In 2012, a Houston Chronicle photojournalist made a video featuring readings by, among others, Barbara Bush, Quanell X and Mayor Annise Parker, to celebrate March 2. It was not only Texas Independence Day but, coincidentally, Sam Houston’s birthday, and was certainly something to mark. However the video had nothing to do with anything Texas. March 2 is also the birthday of Theodor Seuss Geisel, aka Dr. Seuss, who was born March 2, 1904. The celebrities read from “Green Eggs and Ham.” Those other anniversaries went pretty much unnoticed, and still are.
This brings up a question: Has Texas lost its mojo? It used to be on March 2, on the UT campus in Austin, the Longhorns would unroll a huge Lone Star flag down the Tower while the band played Texas tunes. Wonder if they still do that? Texas Exes still hold parties on or near that date. San Jacinto Day, April 21, used to be celebrated with parades and floats and bands, and survivors of that fight would gather on the battlefield. The Aggies mark April 21 with a Muster for Ags who had died in the past year. It was said that in 1942, as U.S. forces were pinned down on Corridor, Aggies – and there were 27 of them — got together on April 21 to hold Muster. Others say that was just a tale. On April 21, 1946, 128 Aggie troops gathered on Corregidor for Muster.
We still see our flag on bumper stickers, food, beer mugs and on the seat of pants, but some don’t understand. One of my brothers was a Marine infantry officer in Vietnam. He flew a Texas flag over his bunker until a superior told him to take it down. “People might think it’s a Viet Cong banner.” When the Astros were in a playoff with the Boston Red Sox in 2018, Houston was plastered with Texas flags. This was right after a hurricane hit Puerto Rico. A Boston sports writer wrote that it was sure nice of Houstonians to fly the Puerto Rican flag in sympathy. The shape of the state is easily recognizable. We see Lone Star-shaped ashtrays, dog dishes and boxes of candy. We also have a state seal, the Lone Star surrounded by a Christmas wreath. Bill Hobby, a former – and decidedly best – lieutenant governor, told me that he had attended a convention of lieutenant governors, and they held an outdoor barbeque. Hobby wore a big belt with an oval metal buckle sporting the seal. Another lite gov asked about it and Hobby explained it was the Texas seal. “Gee,” said the guy, “wonder if we have one?”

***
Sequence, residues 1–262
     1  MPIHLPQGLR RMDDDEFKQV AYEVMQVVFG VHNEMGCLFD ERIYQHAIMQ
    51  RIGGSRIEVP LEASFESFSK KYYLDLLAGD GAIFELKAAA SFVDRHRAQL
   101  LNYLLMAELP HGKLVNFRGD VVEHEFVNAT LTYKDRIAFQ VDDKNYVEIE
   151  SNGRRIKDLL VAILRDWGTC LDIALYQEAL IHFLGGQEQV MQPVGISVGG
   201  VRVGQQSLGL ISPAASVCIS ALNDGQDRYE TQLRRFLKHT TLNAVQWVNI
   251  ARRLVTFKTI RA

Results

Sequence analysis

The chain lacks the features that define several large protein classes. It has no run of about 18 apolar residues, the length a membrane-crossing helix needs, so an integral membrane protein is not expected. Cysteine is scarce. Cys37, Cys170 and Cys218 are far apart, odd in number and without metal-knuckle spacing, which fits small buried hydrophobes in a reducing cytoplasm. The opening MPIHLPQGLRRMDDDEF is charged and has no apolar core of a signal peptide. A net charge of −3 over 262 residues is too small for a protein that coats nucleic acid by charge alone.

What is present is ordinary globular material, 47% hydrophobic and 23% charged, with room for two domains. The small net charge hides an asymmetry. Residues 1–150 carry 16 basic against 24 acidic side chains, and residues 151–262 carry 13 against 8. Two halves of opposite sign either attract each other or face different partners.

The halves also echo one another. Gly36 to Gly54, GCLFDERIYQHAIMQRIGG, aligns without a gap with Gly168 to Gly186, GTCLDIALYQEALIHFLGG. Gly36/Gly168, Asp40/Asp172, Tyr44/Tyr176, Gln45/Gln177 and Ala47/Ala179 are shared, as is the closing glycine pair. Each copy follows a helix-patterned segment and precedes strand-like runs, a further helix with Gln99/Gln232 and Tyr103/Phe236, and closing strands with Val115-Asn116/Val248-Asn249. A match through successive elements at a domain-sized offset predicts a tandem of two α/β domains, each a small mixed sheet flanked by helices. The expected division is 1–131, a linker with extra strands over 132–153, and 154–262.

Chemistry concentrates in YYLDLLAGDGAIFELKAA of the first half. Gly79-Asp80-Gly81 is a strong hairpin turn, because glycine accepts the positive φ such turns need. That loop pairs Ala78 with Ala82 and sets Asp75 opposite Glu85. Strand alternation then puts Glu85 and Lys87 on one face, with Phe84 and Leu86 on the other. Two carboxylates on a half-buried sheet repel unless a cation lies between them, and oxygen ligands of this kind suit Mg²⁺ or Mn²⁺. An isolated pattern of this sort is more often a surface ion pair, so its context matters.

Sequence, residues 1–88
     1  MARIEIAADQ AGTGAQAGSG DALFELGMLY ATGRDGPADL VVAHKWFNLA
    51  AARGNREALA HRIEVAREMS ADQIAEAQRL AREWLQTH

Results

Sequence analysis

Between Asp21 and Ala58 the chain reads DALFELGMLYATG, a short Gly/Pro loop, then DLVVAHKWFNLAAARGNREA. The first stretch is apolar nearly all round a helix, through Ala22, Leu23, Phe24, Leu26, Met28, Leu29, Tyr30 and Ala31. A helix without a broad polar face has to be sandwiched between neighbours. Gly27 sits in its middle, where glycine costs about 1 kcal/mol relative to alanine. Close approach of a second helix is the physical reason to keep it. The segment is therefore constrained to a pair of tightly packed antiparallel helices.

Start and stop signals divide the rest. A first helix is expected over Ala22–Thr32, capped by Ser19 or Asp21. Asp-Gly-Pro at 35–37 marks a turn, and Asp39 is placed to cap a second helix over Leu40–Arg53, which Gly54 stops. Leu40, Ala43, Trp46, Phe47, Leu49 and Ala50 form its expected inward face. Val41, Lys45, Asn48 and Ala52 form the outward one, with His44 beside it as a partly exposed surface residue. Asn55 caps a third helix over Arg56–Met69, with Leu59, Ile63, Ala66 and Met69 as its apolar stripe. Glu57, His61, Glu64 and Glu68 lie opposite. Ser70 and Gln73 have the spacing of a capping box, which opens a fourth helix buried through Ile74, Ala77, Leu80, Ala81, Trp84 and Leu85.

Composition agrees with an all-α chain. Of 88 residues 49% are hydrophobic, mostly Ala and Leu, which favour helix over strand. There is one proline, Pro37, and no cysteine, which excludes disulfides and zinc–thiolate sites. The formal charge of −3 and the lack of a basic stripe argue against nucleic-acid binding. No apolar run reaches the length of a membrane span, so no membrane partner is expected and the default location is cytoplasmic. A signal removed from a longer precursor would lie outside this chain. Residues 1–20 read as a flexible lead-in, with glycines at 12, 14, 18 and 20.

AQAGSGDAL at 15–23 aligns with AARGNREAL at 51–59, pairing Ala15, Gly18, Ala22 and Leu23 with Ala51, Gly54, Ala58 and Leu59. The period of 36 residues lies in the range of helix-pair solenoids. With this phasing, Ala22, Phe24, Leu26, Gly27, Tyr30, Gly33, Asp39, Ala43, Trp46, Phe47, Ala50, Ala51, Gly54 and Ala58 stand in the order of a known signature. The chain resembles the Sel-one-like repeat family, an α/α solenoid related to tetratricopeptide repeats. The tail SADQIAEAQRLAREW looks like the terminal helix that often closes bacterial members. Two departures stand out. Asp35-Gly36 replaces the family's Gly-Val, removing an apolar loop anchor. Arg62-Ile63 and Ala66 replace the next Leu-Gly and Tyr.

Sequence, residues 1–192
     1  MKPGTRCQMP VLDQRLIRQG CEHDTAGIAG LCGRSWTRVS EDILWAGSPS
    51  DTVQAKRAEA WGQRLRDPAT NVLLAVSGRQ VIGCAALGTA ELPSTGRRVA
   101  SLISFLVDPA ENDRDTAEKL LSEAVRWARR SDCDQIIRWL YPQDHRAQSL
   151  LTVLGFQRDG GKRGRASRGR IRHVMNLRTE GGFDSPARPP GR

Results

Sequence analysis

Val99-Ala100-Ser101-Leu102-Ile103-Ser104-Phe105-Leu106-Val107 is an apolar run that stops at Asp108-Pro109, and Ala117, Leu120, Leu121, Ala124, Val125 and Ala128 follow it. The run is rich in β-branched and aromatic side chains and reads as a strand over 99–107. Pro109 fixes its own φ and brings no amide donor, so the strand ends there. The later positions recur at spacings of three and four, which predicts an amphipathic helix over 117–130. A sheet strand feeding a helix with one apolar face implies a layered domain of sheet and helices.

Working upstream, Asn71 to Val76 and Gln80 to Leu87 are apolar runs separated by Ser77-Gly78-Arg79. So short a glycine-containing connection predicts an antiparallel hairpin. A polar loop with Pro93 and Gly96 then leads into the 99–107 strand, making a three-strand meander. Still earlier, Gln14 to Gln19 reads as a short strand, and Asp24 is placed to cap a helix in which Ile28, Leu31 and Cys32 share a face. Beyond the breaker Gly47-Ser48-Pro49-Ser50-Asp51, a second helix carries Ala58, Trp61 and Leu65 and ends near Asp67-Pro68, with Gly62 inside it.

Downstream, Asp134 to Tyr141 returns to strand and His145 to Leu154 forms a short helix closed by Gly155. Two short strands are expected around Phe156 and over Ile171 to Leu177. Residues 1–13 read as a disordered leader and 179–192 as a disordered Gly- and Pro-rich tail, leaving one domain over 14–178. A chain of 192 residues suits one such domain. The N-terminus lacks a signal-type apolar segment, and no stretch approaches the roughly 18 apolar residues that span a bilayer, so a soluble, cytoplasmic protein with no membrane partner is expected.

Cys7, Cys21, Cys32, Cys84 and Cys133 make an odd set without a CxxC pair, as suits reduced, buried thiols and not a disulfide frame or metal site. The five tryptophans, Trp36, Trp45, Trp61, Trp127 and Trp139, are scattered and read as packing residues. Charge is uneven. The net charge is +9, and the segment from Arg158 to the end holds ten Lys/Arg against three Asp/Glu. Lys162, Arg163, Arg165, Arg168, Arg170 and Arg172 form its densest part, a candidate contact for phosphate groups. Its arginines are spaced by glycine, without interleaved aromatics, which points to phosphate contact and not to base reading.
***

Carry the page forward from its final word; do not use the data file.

One reason for this disinterest in things (or thangs) Texas is the immense addition here from out-of-state and out-of-country newcomers. Texas’ population increases by 1,000 people A DAY. Half are births, the other half are from foreign lands or the other 49 states. (Do you ever get the idea that the Border Patrol is watching the wrong river?) In Harris County, more than a million residents — one in four — are foreign-born. This is one reason in Houston there are more than 150 foreign consulates and permanent representations. Some are honorary, but 89 are full-time. Oops. Make it 88. There goes China. These 1-million foreign-borns might not know, or care, about Davy Crockett, rodeos or what happened here before they arrived.
I once met a woman whose family moved here from Up East. She objected to her children having to learn about Texas history. Also, Texas law requires students recite the Pledge of Allegiance to the United States flag and the Pledge of Allegiance to the Texas flag each day. Maybe her kids take a knee. Even the storied Texas Rangers are getting slammed. Certainly we have lost our power in Washington like when Lyndon Johnson ruled the Senate and Sam Rayburn controlled the House. Somehow Ted Cruz and Louie Gohmert just don’t fill those shoes. We might have more punch if we took better care of ourselves. According to US News & World Report among the 50 states Texas ranks 37th in health care, 34th in education, 15th in the economy. We are 33rd in infrastructure and 39th in opportunity. Texas is 33rd in crime and correction and 40th in natural environment. US News overlooked a most important category. Texas ranks Number 1 in state executions: 841 since 1930, 563 since 1976. So there is still hope.
Ashby is rank at firstname.lastname@example.org